It's amazing to me how,Cnn, Fox news and Msnbc have been reporting on the Tea party since before the presidential election and still to this day haven't gotten a handle as to what it really is..I think Ron Paul was the ultimate messenger as to what the movement is all about..I challenge all these news agencies to go back and listen to the debates and honestly ask yourself who was voicing the truth all along..

September 25 2010 at 9:04 PM Report abuse -1 rate up rate down Reply

" You've got to take the good with the bad, and clearly the Tea Party has given us more good candidates than bad ones." Boy, is this statement off base. ODonnel, and Paul are considered " good candidates? " I guess, if you're on the fringe right, that would be a true statement. Odonnel has no electability ( A future FOX talk show host at best ). The far right is in for a shock. They've counted unhatched chickens. Odonnel's already worried about future debates, which sooner or later, she'll either put up or shut up. Characters like Palin and Odonnel know thier weak points, and that is when they have to debate. Right now, Odonnel is memorizing " her favorite rulings by the Supreme Court." Can't get caught on a question Palin had no answer for. November is going to be a great month, even if Dems lose a few seats. People will see, once and for all that the Tea Party has nothing new to offer, nor any way of backing up their promises made while campaigning. Either way, the Tea Party has assured Obama a second term, something they never wanted to see. Good luck.

September 25 2010 at 8:50 PM Report abuse -2 rate up rate down Reply

I have not seen very many constructive suggestions coming from the Tea Party Movement regarding the problems facing the people of this country. The economy of this country was in need of a stimulus 2 years ago, and there was a need for a reasoned discussion of what form that stimulus should take. It was - and still is - important to minimize the occurrence of people missing meals or sleeping on park benches, and at the same time control deficit spending to make sure we don't run into an inflationary economic collapse. All I have seen from the Tea Party on that subject is a lot of shouting about the deficit, but no constructive ideas about what we should do about hungry children. I will offer this suggestion about what form the next stimulus should take. It should consist of payments to existing food banks and homeless shelters, to enable them to handle increased demand for their services; and payments to local, county, and state governments, for the purpose of preventing the layoffs of police officers, teachers, and fire fighters who would otherwise end up being laid off. To avoid creating an incentive for state and local governments to depend permanently on federal stimulus money, there should be the condition attached to that money that the governor of any state receiving stimulus money - and also the mayor of any city receiving stimulus money - should take a 1 percent reduction in pay, to remain in effect for as long as that city or state continued receiving federal stimulus money. You would not see any mayors or governors missing any meals because of that, but you would see them looking for ways to create a good business climate in their cities and states.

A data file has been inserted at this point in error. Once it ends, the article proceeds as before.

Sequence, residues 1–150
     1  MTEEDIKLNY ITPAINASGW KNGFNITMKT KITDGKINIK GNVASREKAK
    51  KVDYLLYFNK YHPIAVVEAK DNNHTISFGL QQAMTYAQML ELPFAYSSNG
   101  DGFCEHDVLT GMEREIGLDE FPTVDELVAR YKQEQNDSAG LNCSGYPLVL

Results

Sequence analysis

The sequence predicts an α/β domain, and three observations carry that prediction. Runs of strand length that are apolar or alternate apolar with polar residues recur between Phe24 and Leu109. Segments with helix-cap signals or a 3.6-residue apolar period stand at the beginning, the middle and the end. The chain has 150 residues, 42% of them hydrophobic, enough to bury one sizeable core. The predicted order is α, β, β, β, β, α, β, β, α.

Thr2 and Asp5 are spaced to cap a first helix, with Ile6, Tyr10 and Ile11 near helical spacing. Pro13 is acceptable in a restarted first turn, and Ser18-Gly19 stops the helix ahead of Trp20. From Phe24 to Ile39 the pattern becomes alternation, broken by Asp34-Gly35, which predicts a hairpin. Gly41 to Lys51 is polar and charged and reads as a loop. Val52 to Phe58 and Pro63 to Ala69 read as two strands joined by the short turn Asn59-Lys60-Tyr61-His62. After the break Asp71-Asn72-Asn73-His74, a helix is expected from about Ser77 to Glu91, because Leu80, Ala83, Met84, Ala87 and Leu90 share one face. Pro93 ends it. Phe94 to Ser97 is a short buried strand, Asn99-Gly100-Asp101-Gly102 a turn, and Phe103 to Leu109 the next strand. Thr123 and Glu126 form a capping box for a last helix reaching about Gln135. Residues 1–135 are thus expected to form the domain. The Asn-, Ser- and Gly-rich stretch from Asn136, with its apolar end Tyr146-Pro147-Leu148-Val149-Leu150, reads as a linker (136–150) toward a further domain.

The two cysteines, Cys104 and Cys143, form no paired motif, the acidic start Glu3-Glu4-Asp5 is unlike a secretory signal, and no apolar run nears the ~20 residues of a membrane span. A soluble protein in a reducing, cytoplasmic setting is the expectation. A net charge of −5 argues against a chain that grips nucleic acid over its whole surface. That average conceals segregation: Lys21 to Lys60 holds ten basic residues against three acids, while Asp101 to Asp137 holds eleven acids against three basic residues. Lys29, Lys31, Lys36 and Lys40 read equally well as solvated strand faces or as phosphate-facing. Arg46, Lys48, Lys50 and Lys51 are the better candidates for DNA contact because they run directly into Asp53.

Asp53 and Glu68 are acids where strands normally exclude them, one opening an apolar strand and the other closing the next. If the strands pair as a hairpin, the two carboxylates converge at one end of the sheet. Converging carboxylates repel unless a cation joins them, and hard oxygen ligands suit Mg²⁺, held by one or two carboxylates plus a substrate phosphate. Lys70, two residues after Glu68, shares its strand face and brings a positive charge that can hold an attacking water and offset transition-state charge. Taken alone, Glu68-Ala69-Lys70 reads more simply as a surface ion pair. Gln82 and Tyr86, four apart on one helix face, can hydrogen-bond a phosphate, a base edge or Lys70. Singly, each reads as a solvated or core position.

September 25 2010 at 8:41 PM Report abuse -2 rate up rate down Reply

The Tea Partiers are first of all, ignorant of history. Their very choice of their name bespeaks hypocrisy on a grand scale. The Tea Party was created by the insurance companies to oppose healthcare reform as such an act of lobbying the Sons of Liberty protested by dumping the tea of the British East India Co. (BEIC)into Boston harbor. Indeed,its a great lie that the American revolution was a tax revolt, Americans taxed themselves at 6 times the rate the crown did to pay for the war. No it was a war of self-determination as we had no say in Parliament, and thus no say in the passage of any crown taxes. The Tea Tax was passed thru the lobbying and bribery of the BEIC, as the company and its agents stood to gain commissions for collecting the tax. Geo. Washington's first significant act as President was to raise an army to crush the Whiskey Tax Rebellion. (Violence was avoided by the scattering of the rebels in advance of the army thus allowing GW to pardon them.) Course rightists have always liked to identify themselves with the founders even though America's founders were the most liberal collection of men the earth has ever seen. Course they also claim to be Christians while rejecting Christ's liberal values. Edmund Burke was not a conservative, he was a Whig, he merely wrote a critique of the French revolution perhaps ignoring the injustices the French people suffered under the French Court were vastly greater than those Americans had suffered under the crown. He was sympathic to the American revolution.